Having visited most of the islands inhabited by the paradise birds, in the hope of obtaining good specimens of many of the species, and some knowledge of their habits and distribution, I have thought that an outline of my several voyages, with the causes that have led to their only partial success, might not prove uninteresting.

At the close of the year 1856, being then at Macassar, in the island of Celebes, I was introduced to the master of a prau trading to the Aru Islands, who assured me that two sorts of birds of paradise were abundant there—the large yellow and the small red kinds—the Paradisea apoda and P. regia of naturalists.

He seemed to think there was no doubt but I could obtain them either by purchase from the natives or by shooting them myself. Thus encouraged, I agreed with him for a passage there and back (his stay being six months), and made all my preparations to start by the middle of December.

Our vessel was a Malay prau of about 100 tons burthen, but differing widely from anything to be seen in European waters. The deck sloped downwards towards the bows, the two rudders were hung by rattans and ropes on the quarters, the masts were triangles standing on the decks, and the huge mat sail, considerably longer than the vessel, with its yard of bamboos, rose upwards at a great angle, so as to make up for the lowness of the mast. In this strange vessel, which, under very favourable circumstances, plunged along at nearly five miles an hour, and with a Buginese crew, all of whom seemed to have a voice in cases of difficulty or danger, we made the voyage of about a thousand miles in perfect safety, and very agreeably; in fact, of all the sea voyages I have made, this was one of the pleasantest.

On reaching the Bugis trading settlement of Dobbo, I found that the small island on which it is situated does not contain any paradise birds. Just as I was trying to arrange a trip to the larger island, a fleet of Magindano pirates made their appearance, committing great devastations, and putting the whole place in an uproar; and it was only after they had been some time gone that confidence began to be restored, and the natives could be persuaded to take the smallest voyage. This delayed me two months in Dobbo without seeing a paradise bird.

When, however, I at length reached the main island and ascended a small stream to a native village, I soon obtained a specimen of the lovely king bird of paradise, which, when first brought me, excited greater admiration and delight than I have experienced on any similar occasion. The larger species was still not to be seen, and the natives assured me that it would be some months before their plumage arrived at perfection, when they were accustomed to congregate together and could be more easily obtained. This proved to be correct, for it was about four months after my arrival at Dobbo that I obtained my first full-plumaged specimen of the great paradise bird. This was near the centre of the large island of Aru ; and there, with the assistance of the natives, I procured the fine series which first arrived in England.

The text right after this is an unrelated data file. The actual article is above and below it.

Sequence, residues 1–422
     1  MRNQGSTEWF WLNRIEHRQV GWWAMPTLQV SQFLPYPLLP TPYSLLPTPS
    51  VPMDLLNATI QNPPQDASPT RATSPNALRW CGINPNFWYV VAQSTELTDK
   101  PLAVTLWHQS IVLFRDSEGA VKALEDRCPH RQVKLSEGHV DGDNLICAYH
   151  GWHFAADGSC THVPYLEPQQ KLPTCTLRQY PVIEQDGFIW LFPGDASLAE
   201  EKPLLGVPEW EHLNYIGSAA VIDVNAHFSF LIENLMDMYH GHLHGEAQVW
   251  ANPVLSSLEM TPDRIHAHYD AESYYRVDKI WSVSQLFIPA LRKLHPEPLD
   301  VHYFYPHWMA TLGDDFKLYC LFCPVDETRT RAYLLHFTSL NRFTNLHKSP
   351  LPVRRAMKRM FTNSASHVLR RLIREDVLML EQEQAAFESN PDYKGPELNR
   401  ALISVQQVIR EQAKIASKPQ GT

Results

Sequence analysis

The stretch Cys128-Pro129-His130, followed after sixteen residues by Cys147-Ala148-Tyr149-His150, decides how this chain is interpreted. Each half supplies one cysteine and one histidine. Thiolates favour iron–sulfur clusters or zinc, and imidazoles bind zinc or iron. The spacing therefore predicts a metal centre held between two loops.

While at Dobbo I had frequent conversations with the Bugis traders and with the Rajah of Goram, who all assured me that in the northern parts of New Guinea I could travel with safety, and that at Mysol, Waigiou, Salwatty, and Dorey I could get all the different sorts of Paradiseæ. Their accounts excited me so much that I could think of nothing else; and after another excursion in Celebes I made my way to Ternate, as the best headquarters for the Moluccas and New Guinea. Finding a schooner about to sail on its annual trading voyage to the north coast of New Guinea, I agreed for a passage to Dorey, and to be called for on the return of the vessel after an interval of three or four months. We arrived there, after a tedious voyage, in April, 1858, and I began my second search after the birds of paradise.

I went to Dorey in full confidence of success, and thought myself extremely fortunate in being able to visit that particular locality ; for it was there that Lesson, in the French discovery ship Coquille, purchased from the natives the skins of at least eight spec os, viz. Paradiseа papuana, with regia, magnifica, superba, and sexsetacea, Astrapia nigra, Epima. chus magnus, and Sericulus aureus. Here was a prospect for me! The very anticipation of it made me thrill with expectation.

My disappointment, therefore, may be imagined when, shortly after my arrival, I found all these bright hopes fade away. In vain I inquired for the

tive bird-hunters ; none were to found there ; and the inhabitants assured me that not a single bird of paradise of any kind was ever prepared by the Dorey people, and that only the common yellow one (P.